67 Responses to $46k a month child support

  1. Cal says:

    “if you father was a billionaire how would it make you feel once old enough to realize that your father paid $500 / month in support”

    I suspect that M. Pinault would have gladly parted with far more than $500 per month had he KNOWN that he had another son. I suspect he pays far more than that for the children who live with him, by a multiplier of 10-20,000 or so. But by keeping this child a secret (until she wanted money), Miss Evangelista has helped this boy “feel” that his only value in this world is as a cash-extraction tool. She’s turned him into a biological ATM card.

    Bravo, Miss Evangelista, you shallow asshole.

  2. Joe Blow says:

    Rhymes with ditch.

  3. al says:

    He knew before the son was born; they kept the paternity a secret for other reasons. Paternity is not in dispute, support is.

    [D: Where did you read this?]

  4. TigerChick says:

    *sigh*
    I notice there’s nothing about any sort of agreement through which the boy might know his half sister by Salma Hayek or any other siblings. That is awful.
    As for his mother, she’s nearly 50. She’s been a famous model for a very, very long time, but she is old. She will not be able to earn the same amound of money in a rather short period of time. She is clearly looking for a means to supplement her income and keep up the lifestyle to which she feels she is entitled due to her bone structure and once upon a time, with enough makeup, a vague resemblance to the Italian film actresses of the 50s.
    As for being a shallow asshole, back in the age of the supermodels, she was the one who once said she wouldnt get out of bed for less than $10,000 a day.

  5. Anonymous Reader says:

    Hey, she gave him the best …. days? …um … hours? Minutes? of her life, so of course he owes the child of their dalliance a great deal.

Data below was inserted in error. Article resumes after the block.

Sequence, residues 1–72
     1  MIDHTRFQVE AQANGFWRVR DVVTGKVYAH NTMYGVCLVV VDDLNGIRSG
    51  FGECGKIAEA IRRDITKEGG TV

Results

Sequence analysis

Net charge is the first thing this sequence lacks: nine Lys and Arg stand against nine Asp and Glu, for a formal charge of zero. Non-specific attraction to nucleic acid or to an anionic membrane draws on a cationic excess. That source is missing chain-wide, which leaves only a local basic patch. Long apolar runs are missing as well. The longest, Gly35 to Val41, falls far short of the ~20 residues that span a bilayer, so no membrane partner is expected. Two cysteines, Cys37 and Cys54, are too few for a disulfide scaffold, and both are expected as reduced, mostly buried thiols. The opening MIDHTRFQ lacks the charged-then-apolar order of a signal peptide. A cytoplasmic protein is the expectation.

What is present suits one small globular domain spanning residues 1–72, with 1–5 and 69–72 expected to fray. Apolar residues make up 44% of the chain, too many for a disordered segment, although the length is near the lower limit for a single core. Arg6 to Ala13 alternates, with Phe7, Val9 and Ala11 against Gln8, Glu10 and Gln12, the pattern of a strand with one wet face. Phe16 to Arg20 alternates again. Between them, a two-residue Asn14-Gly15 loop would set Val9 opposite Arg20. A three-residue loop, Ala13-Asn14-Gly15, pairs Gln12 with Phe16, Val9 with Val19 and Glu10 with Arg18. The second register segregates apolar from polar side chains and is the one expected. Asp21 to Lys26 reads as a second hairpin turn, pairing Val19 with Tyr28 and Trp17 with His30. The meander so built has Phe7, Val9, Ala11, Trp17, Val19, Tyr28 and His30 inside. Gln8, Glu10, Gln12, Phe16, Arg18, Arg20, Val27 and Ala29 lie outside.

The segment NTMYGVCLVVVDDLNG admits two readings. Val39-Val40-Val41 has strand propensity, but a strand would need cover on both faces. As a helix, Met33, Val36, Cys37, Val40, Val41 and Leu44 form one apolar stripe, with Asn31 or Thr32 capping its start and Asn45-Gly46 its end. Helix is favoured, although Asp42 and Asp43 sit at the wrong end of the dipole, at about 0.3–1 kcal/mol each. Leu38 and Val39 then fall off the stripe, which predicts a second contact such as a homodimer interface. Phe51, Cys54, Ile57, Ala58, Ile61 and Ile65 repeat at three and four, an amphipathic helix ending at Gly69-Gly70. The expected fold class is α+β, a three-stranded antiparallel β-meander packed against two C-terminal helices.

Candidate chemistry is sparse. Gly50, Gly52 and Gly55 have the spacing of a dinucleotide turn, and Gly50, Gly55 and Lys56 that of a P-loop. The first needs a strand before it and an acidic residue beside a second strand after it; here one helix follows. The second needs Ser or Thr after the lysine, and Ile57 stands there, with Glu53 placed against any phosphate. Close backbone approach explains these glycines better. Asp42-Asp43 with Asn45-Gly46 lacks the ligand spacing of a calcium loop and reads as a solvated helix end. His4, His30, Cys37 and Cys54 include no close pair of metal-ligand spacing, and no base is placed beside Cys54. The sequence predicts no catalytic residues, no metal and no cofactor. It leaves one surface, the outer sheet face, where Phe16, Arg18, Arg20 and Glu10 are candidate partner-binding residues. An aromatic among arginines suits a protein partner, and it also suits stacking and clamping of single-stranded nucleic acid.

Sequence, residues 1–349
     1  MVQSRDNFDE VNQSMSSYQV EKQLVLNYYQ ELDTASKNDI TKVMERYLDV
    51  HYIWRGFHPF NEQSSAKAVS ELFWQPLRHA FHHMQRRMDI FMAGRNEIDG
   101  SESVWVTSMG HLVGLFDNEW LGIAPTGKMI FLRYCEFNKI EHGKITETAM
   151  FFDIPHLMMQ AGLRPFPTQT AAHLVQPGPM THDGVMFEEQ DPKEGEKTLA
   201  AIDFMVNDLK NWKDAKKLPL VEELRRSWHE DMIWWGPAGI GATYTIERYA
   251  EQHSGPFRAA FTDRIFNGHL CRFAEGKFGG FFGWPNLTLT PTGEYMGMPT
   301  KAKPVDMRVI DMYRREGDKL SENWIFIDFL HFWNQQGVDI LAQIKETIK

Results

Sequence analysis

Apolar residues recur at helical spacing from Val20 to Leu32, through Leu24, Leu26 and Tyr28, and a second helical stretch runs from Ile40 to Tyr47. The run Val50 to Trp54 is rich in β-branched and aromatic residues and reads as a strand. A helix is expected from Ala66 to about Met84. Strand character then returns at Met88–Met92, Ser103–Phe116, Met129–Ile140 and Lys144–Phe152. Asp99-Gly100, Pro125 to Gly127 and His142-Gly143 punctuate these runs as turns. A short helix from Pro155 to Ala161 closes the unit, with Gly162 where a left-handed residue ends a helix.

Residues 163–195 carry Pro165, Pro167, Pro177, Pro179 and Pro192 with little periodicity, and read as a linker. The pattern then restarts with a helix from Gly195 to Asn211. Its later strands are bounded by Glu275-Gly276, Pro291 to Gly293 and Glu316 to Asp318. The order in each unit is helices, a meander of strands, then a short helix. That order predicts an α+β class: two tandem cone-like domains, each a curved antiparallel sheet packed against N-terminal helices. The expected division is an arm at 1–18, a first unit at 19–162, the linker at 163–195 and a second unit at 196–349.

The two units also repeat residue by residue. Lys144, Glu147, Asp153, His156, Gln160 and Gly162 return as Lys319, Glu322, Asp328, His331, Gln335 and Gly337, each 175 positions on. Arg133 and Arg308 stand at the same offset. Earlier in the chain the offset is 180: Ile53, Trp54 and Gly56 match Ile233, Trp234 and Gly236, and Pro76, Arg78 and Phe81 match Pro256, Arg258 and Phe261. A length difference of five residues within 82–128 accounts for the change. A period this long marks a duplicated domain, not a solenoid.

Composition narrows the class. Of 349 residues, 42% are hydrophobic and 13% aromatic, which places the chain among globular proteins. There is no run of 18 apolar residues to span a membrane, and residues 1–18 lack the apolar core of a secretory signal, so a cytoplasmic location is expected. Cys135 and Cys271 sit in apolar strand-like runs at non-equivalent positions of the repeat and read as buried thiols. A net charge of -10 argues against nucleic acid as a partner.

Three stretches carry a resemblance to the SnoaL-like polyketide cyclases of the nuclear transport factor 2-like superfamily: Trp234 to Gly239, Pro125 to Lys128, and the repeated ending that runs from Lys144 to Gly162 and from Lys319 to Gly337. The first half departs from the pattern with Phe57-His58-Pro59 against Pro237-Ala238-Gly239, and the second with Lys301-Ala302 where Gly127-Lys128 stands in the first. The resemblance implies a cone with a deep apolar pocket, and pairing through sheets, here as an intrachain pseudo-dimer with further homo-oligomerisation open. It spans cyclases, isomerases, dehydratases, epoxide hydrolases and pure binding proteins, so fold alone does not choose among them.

And given the pick of the modern court system, she’s just the kind to dig it out of him.

    (Exit, humming “Darling Clementine”…)

  6. Graius-Gradus says:

    If I were the judge, I’d kill two birds with one stone by giving the father custody – even if he doesn’t petition it. That way it doesn’t interfere with the mother “working on her image” and the boy can also have the lifestyle he is apparently entitled to. I doubt this is what will happen though.

  7. Twenty says:

    Kinda makes the death of the West seems not so bad.

    Why are children “choices” for women and “obligations” for men? Darling Linda doesn’t even want to have to be alone with her own child. It’s ridiculous that such a claim does not bring ridicule and shame down upon her head.

  8. Lily says:

    I read about it a little while ago and reading between the lines my guess was that he was paying her money, hush money to keep it quiet from Salma Hayek as there was a cross over period. And the he stopped paying. And/or after he set up the trust fund for his baby with Salma Hayek, Linda E got annoyed about it. Hell hath no fury etc.

    Btw I don’t think Linda E is a feminist but the very opposite. And she has a history of digging. iirc she was married to much older man who was in charge of a modelling agency at the start of her career.

  9. Lily says:

    Btw I looked into this the other day and Linda E doesn’t have much money. Given what her career was and how famous she was. Apparently her net worth is 8 million dollars. Her entire net worth is less than the 12 million trust fund he set up for his baby with Salma Hayek. Though he’s a billionaire apparently.

    Other models are worth more than her. Even Liz Hurley who is only a 2 bit English not exactly supermodel like Linda E is worth 13 million pounds. The other supermodels including Naomi Campbell are worth a lot more. Still nothing like the businesswomen like Tamara Mellon (approximately 180 million dollars) but still quite interesting about Linda E to compare to Naomi, Cindy etc who are her peer group. I suspect she’s been living way above her means.

  10. Random Angeleno says:

    Chalk one up for stealth (p)alimony.

    Grrrr!

  11. Stephenie Rowling says:

    At this point millionaires are going to be doing “preventing vasectomy” to their heirs as soon as they reach teenage-hood “Here son before you even think about dating get a vasectomy and masturbate for a few days… No matter what they say, unless you declare bankruptcy, women always change their minds to your detriment…always”